The question of where equality comes from was not settled then, nor has it been settled now—does it come from a creator or from all citizens?

The second resource is a documentary currently showing on PBS, titled God In America, giving the history of how religion has been thought of in America. It covers such issues as how each new wave of immigrants brought their own religions and beliefs with them and usually had problems with the prevailing citizens. Examples were when many Catholics started coming, as they are today from Mexico, and then Jews from Europe. Most integrated and made essential changes to survive in America. The basic question then and now is how much essential beliefs had to be kept and how cultural additions to the religion had to change. Jews came from nations that forced them into ghettos, controlling their civil lives. They adjusted to America where they were free and equal and no longer lived in ghettos — an issue relevant to homosexual citizens.

As to how black Americans have been treated, based on religion, is a sad situation. While the Abolitionists were religious, the major religions supported slavery and at the time of the Civil War they separated and churches in the south supported slavery. It is sad and strange to hear sermons from white preachers and politicians in the south of that time quoting scripture from the Bible to prove that slavery was their god’s will. Today, the same preachers, joined by now free black preachers quote scripture to “prove” their god disapproves of homosexuality.

Common sense tells us that in all our nation’s life politicians have been the same, and they say what they think will get them elected and power. Too often, the more a politician or preacher talks against something, he or she is guilty of that “sin.”  The more a politician talks about their religious beliefs, the less godly they are. And when some “religious” voters say that their god ordained the president they like, they then say the devil gave them the president they don’t like. Preachers said their god ordained the Civil War. The problem is that both the north and south said this, and it was hard for the south to explain when they lost the war — why their god had failed them.

The one important issue that neither resource seems to answer is the eternal question of how a “true” religious person acts in a nation where they are able to help guide the government. It doesn’t matter in a nation where the citizen has no voice — such was probably the time of Jesus, and in most of history. So, even as such people as Billy Graham said in this time, the effort is made to spread the gospel and save people, and they in turn can make the nation/society better.  But the rule was, give unto Caesar what is his and to God what is His.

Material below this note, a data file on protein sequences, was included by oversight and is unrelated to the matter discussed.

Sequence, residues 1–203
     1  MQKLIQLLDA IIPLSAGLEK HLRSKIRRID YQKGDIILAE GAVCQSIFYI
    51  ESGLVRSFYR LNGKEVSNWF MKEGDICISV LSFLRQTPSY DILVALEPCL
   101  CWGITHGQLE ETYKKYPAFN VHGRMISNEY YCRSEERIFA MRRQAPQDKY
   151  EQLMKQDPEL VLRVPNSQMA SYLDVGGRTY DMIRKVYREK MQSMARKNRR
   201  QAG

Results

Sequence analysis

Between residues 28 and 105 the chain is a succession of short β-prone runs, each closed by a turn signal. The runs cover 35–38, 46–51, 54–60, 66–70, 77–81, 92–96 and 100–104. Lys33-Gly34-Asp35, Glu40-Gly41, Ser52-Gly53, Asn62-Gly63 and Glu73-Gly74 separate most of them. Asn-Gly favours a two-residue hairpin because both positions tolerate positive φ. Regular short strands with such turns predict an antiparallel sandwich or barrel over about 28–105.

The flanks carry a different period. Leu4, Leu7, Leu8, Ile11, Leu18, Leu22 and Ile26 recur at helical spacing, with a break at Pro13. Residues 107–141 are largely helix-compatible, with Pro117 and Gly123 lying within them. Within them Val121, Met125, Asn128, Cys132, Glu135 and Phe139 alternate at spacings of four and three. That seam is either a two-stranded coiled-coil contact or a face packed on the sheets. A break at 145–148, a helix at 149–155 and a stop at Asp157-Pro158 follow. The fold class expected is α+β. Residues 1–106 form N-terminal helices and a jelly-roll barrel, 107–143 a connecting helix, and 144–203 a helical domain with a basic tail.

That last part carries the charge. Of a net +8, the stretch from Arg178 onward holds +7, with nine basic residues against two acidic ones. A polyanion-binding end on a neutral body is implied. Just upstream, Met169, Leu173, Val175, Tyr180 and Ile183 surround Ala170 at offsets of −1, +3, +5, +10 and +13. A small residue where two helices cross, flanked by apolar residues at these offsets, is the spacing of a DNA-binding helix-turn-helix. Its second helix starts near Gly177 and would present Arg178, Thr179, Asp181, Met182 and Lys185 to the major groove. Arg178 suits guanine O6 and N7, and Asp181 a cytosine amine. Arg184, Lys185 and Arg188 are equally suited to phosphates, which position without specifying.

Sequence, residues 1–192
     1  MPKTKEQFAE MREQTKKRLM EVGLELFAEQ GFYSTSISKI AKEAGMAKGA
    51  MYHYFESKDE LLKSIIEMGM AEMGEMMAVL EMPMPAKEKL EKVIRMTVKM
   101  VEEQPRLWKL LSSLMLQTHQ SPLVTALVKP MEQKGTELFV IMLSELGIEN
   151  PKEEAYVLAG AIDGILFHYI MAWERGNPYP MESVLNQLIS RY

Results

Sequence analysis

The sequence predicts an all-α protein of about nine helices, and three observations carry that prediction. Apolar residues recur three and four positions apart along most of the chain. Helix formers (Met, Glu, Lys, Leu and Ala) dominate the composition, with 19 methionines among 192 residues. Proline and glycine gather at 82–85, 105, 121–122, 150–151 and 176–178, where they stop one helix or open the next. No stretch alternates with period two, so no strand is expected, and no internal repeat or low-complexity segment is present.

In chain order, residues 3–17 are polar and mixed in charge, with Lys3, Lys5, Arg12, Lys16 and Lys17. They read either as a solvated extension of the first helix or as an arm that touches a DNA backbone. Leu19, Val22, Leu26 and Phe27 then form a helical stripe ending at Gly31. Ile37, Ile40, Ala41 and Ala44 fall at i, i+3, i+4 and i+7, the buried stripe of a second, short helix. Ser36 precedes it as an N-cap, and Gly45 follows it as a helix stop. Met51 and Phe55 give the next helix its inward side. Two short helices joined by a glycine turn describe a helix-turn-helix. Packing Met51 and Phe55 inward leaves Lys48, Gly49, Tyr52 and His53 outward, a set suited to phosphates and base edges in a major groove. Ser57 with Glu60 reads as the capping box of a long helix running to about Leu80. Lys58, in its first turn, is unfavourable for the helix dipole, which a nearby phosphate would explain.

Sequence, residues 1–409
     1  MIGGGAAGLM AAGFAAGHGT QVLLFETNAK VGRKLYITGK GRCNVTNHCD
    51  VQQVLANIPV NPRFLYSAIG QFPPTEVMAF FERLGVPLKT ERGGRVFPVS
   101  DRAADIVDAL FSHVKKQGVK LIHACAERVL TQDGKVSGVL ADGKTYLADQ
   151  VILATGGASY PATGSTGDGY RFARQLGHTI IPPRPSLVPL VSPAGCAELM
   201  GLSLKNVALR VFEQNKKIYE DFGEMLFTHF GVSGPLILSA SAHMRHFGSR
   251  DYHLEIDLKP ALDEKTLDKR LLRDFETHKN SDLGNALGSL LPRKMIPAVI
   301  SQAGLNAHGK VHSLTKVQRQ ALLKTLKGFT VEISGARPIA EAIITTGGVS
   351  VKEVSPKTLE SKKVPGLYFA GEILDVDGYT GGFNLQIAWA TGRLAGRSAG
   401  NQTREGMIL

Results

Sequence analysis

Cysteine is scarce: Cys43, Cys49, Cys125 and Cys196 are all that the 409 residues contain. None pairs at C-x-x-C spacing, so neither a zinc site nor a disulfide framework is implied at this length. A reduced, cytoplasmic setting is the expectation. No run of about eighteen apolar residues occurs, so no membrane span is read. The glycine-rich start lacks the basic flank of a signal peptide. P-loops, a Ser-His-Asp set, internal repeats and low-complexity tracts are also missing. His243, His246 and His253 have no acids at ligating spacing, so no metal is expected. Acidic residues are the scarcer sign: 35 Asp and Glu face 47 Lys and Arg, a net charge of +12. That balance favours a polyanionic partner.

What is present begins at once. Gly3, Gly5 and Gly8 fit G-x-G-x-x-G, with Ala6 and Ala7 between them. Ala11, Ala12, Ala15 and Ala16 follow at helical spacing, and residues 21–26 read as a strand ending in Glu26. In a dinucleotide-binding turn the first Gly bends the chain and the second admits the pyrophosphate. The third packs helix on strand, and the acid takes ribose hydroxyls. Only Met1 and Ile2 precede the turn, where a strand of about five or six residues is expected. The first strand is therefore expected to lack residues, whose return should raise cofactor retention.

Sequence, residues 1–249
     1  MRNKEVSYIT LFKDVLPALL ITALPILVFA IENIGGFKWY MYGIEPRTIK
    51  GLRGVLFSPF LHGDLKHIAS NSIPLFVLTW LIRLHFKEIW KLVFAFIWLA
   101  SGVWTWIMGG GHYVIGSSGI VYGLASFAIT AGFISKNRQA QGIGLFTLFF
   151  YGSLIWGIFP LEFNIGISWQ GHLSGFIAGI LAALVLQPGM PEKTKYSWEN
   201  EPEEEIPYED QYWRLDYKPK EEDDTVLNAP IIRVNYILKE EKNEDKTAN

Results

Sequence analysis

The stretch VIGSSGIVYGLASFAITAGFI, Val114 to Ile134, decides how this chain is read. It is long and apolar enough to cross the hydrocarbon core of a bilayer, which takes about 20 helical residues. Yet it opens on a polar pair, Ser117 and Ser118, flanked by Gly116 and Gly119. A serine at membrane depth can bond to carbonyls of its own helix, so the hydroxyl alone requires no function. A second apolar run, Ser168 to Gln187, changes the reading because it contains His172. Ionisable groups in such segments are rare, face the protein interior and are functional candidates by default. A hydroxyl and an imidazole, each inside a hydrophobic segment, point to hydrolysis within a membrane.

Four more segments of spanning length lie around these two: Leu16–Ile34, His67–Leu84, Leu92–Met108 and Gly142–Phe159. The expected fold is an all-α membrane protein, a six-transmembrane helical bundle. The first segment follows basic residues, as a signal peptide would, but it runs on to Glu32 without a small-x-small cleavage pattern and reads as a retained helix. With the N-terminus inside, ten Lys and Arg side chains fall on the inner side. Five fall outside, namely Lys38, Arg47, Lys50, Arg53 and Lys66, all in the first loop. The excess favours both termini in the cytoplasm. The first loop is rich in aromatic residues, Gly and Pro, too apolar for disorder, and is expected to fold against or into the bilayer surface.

So the question is, can a religious person then support a politician or law they object to on religious grounds — when they are one and the same? That is where religion and America have a problem.

A sincere person may kill a physician who does abortions, or someone they think is homosexual, because their religion tells them both are wrong. But can a nation survive when each religion says different things? And can any citizen kill any other that they think are sinful? That is what our nation still faces. There are citizens who simply don’t believe a black person should be president and will do and say anything to prevent it. There are citizens who believe they have a right to use drugs and will defy laws that prevent it. And during the civil rights efforts of black Americans, laws were violated because they were unjust and unconstitutional. You can have no respect for a law or law’s agent when the law takes away your civil rights and the enforcers join others and kill you for trying to gain that guaranteed equality.

So there are no answers in these resources or most religious spokespersons or politicians. The answer is that the founders dreamed of and tried to set us on the path to: a nation of laws, not men or religions. Through laws based on common sense, such as the Bill of Rights, citizens demanded of the government, a government of their consent.

I truly hope that we are getting closer to that goal every generation.